At prisons and jails that don't use a private health care vendor, physicians bid directly to the county or state for the job. FP Kennard McNichols, who worked two to three hours a week for 20 years at the Whatcom County Jail in Bellingham, WA, negotiated his hourly rate and employment terms. "Since there's a shortage of physicians willing to do this type of work, you can bargain to determine your pay and hours," he says. "For example, I told the jail that I was only willing to take call during the time I was in my office, which was more expensive for the jail, but an important boundary for me. The work can be financially rewarding if you negotiate well."

While prison medical practice brings freedom from billing and dealing with families, there's no escape from paperwork and utilization review. "We're capitated, so we function like the biggest HMO in Texas," says Medical Director William E. Gonzalez of Texas Tech in Lubbock. (In Texas, two medical schools provide most of the correctional health care in the state.) "We have the same rules as HMOs, such as formularies and prior-approval for referrals.

Family practitioner Melvyn Genraich finds the limited formulary frustrating when he's prescribing drugs for the juvenile felons he treats in Texas. "We have some wonderful drugs to treat acne, but they're expensive," he explains. "So I have to stick to the old-line drugs that aren't as effective." Genraich doesn't find the paperwork and charting onerous, but he says the pace is "pretty intense. I see about 30 kids in a morning."

The frequent presence of the nursing supervisor when Catherine Clark sees patients at the Prince William County jail reminds the doctor of the need to contain costs. "All it takes is one extra HIV patient per month to throw off the budget," says Clark. "I've had to stand my ground to practice good medicine."

Some limits on behind-bars medical care have nothing to do with budgets. As a prison doctor, Quiñones routinely denies patient requests for, say, foam mattresses, which can be burned to create a smokescreen. An inmate can use A&D ointment to lubricate himself and his cell floor to evade the clutches of corrections officers. A brace can be made into a knife. And complaints of foot problems are often little more than bids to get brandname shoes. "In prison, shoes are like cars," explains Quiñones. "If you get special shoes from the doctor, it's as if you're driving a Mercedes." Quiñones has had an easier time parrying footwear requests since he began wearing his own prison-issue shoes to work.

Quiñones' most satisfying moments as a prison physician come when inmates accept his concern as genuine. "These patients are at a crossroads in their lives, and I feel I can help them make better choices," he says. "That's meaningful to me."

Yes, it's a little scary

Quiñones once received 10 stitches in his forehead after he was struck by an intoxicated prisoner who had concocted his own liquor from fruit juice and sugar. The prisoner was angry that he had to be isolated because he was showing signs of active TB. He then sued Quiñones, alleging that the doctor—despite lying unconscious in a pool of blood—had etched a swastika in his back.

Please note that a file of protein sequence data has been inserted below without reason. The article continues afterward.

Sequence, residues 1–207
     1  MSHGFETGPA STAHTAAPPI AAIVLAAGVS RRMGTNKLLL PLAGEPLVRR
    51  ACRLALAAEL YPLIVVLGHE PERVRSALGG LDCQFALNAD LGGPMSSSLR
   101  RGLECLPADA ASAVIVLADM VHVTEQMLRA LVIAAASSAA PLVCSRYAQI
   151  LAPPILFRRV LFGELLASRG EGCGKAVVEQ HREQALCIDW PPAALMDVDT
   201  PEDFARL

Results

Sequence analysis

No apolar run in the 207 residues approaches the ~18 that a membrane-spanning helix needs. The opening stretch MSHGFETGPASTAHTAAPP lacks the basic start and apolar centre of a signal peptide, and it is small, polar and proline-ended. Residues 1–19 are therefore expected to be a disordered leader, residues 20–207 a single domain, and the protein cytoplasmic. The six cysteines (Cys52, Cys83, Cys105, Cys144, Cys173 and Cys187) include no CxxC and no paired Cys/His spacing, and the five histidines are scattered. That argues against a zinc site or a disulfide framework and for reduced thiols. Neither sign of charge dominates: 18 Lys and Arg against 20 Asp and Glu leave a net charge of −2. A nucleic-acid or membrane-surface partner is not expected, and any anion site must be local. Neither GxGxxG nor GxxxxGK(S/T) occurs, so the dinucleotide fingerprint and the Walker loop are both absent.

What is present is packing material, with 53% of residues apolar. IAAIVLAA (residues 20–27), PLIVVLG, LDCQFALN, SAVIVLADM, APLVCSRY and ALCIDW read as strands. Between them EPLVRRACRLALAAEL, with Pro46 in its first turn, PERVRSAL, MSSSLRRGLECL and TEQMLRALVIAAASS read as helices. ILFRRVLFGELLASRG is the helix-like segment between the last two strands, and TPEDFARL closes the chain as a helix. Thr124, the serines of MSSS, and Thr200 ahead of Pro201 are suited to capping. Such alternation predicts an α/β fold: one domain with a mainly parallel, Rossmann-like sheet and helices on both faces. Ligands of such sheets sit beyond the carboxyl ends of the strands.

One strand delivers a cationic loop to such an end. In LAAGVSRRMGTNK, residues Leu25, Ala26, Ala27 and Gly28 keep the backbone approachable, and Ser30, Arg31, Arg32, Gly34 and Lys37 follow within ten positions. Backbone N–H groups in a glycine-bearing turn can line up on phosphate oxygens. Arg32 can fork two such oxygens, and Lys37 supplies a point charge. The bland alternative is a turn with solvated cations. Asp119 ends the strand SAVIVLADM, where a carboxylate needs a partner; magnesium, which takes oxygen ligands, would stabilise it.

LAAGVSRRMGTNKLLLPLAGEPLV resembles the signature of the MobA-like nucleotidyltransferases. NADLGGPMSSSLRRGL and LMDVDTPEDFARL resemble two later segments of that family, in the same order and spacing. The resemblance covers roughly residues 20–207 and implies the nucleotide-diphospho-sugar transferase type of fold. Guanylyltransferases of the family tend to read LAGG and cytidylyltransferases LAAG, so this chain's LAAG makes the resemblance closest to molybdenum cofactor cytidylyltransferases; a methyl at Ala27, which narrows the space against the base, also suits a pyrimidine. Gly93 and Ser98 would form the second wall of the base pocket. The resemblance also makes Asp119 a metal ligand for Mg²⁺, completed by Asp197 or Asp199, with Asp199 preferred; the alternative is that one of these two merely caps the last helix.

For internist Grant Deger, who treats inmates at Whatcom County Jail, the most pulse-quickening part of his day is walking into the jail and having numerous doors clank shut behind him. "People will be screaming in their cells or vomiting as they withdraw from drugs," he says. "It feels like you're walking through Dante's Inferno."

That aside, personal safety isn't much of a worry, insist the physicians who work in correctional facilities. "You always have a guard standing over your shoulder," says emergency physician Andrew Reese of Creative Health Resources, a company that manages inmate health care in nine Virginia jails. "I feel much safer in a jail than in an emergency room, where people come in on drugs and alcohol, and they can be violent. In jail they're sober."

More threatening than bodily harm are the lawsuits. "One prisoner quietly laid down his attorney's card next to me before I treated him," says FP Catherine Clark. "I'm always afraid of lawsuits." Prisoners generally don't sue for medical malpractice. "The rate of medical malpractice in prisons is far below anything outside," says Joseph Paris of the Georgia Department of Corrections. "We have one or two malpractice suits a year for 43,000 inmates."

Inmates do, however, frequently sue physicians for violating their civil rights by denying care. The lawsuits are easy to file, but most eventually are dismissed. "The standard for these lawsuits is deliberate indifference," explains Reese. "To win a suit for violating a prisoner's right to medical care, the inmate must prove that the doctor intentionally did nothing to try to help him." It's a much more difficult burden of proof than demonstrating that the doctor violated the community standard of care in a malpractice action. Most prisons indemnify physicians if they're sued in a civil rights action.

Like many health care facilities on the outside, "some institutions try to get away with not having licensed nurses because it saves money," says Wilcox. "You have to make sure that the nurses aren't providing inappropriate care under your name. It's similar to working at a substandard hospital."

But the most important piece of advice, say prison doctors, is to treat an inmate as you would any patient. "You have to accept humanity as it comes," says Deger. "I shake inmates' hands, welcome them to sit down, and listen to them. My attitude is that jail is their punishment, not bad health care. I do my best to help them, and I'm glad to do it."